Month: January 2010

Disturbing Divine Behaviour : a review part 2

Seibert’s solution to disturbing divine behaviour is a christocentric hermeneutic. He acknowledges that the New Testament itself has some trouble images of divine behaviour. But he insists that we can trust the depiction of Jesus in the New Testament and use him, as the fullest revelation of God, as a guide to interpreting disturbing divine behaviour. He defines the God revealed by Jesus:

• Jesus reveals a God who is kind to the wicked – such as when he calls on us to love our enemies. This aspect of God’s character is only sometimes revealed in the OT.

• Jesus reveals a God who is nonviolent – again the command to love our enemies; throughout the gospels, Jesus never endorses or promotes the idea of God as a divine warrior. He lived nonviolently himself and rejected violence as a way to achieve justice. Ultimately, Jesus’ nonviolence is revealed in his death on the cross.

• Jesus reveals a God who does not judge people by causing historical (or natural) disasters or serious physical infirmities – recall Luke 13:1-5, where people ask Jesus what sin the Galileans committed that God let them be killed by Pilate

• Jesus reveals a God of love

Seibert goes on to show his dual hermeneutic in practice – critiquing disturbing texts with a christocentric hermeneutic, but also affirming them by seeking to find what ‘salvageable’ from such passages.

His final chapter offers some practical suggestions for ‘talking about troubling texts’:

• Stop trying to justify God’s behaviour in the Old Testament – a suggestion that is immensely liberating for me, if indeed I can follow him to here.

• Acknowledge how these texts have fostered oppression and violence

• Help people use problematic images responsibly and constructively

• Keep disturbing divine behaviour in perspective – that is, remember how much of the Old Testament is not troubling.

Seibert has an appendix dealing with Jesus’ eschatological sayings and whether they can be said to reveal a nonviolent God. Strangely, his treatment of hell doesn’t even consider universalism as an option – that is, the idea that ultimately God will reconcile all people to himself. It is at least as supportable of many of the things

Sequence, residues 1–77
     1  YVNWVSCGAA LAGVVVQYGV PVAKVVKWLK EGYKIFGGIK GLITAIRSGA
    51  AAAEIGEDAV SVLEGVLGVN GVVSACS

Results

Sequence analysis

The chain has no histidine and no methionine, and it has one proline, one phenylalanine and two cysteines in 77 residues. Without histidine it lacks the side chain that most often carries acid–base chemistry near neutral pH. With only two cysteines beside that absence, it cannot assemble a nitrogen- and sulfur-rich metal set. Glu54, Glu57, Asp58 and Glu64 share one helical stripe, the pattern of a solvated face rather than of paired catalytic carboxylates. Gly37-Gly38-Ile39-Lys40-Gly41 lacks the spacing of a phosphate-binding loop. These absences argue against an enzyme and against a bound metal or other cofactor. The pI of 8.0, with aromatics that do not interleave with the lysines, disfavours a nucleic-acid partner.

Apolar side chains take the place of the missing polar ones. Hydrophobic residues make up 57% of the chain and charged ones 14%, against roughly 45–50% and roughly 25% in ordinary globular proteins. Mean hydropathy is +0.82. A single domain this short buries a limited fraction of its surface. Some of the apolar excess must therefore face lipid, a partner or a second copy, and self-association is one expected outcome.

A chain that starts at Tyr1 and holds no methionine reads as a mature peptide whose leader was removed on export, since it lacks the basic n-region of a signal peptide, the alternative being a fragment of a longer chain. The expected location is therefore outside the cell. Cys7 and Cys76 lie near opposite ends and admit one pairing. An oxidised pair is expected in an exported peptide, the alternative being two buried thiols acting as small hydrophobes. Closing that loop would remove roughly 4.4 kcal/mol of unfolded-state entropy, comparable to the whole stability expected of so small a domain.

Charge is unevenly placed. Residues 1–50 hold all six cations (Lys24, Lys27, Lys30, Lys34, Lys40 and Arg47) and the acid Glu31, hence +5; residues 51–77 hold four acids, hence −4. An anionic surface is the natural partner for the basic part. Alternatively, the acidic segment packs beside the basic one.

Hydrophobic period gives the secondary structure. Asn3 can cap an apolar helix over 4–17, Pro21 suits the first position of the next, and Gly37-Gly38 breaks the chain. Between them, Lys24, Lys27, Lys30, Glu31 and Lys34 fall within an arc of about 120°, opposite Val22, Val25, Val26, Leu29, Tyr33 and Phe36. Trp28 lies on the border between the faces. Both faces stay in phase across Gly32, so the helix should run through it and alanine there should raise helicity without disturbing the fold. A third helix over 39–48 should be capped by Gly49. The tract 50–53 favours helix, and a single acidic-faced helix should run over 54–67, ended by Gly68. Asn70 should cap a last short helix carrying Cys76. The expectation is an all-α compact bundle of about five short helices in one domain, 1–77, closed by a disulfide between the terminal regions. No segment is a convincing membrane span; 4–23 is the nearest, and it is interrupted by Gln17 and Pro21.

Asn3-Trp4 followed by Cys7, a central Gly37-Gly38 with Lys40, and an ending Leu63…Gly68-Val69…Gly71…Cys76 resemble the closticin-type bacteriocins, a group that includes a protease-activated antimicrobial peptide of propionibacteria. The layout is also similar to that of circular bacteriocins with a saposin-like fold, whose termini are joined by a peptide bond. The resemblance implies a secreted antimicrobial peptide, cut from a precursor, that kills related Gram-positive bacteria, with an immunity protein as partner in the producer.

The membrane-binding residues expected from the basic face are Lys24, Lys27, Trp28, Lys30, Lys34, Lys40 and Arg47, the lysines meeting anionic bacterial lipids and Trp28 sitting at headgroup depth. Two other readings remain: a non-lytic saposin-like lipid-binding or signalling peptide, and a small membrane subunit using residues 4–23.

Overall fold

I need some time to discern whether I can follow Seibert to where he goes. But his book gripped me. For once I found myself unable to put down a theology book,when usually they are something of a chore to read.

Disturbing Divine Behaviour : a review, part 1

Disturbing Divine Behavior: Troubling Old Testament Images of God / Eric Seibert (Fortress Press, 2009)

In this book, Eric Seibert tackles head-on a question which has long been in my mind: what are we to do with the troubling Old Testament images of God? The ones where, for example, he orders the Israelites to commit genocide and kill men, women and children?

Many evangelicals would disown Seibert and his answers, but he comes from an evangelical perspective, with evangelical questions. But instead of the standard evangelical approach of justifying why God did these things in the Old Testament, Seibert claims God did not do them.

Seibert doesn’t actually present anything startlingly new to me. Studying theology at Murdoch University, I was made well aware of mainstream (“liberal”) Old Testament scholarship, with archaeology and textual criticism leading scholars to the conclusion that there was no widespread genocide of the Caananites or a flood which decimated the world. What is so compelling for me reading the book is that Seibert uses this evidence to answer questions I have coming from an evangelical background. Most “liberal” scholars don’t bother to address the concerns of evangelicals.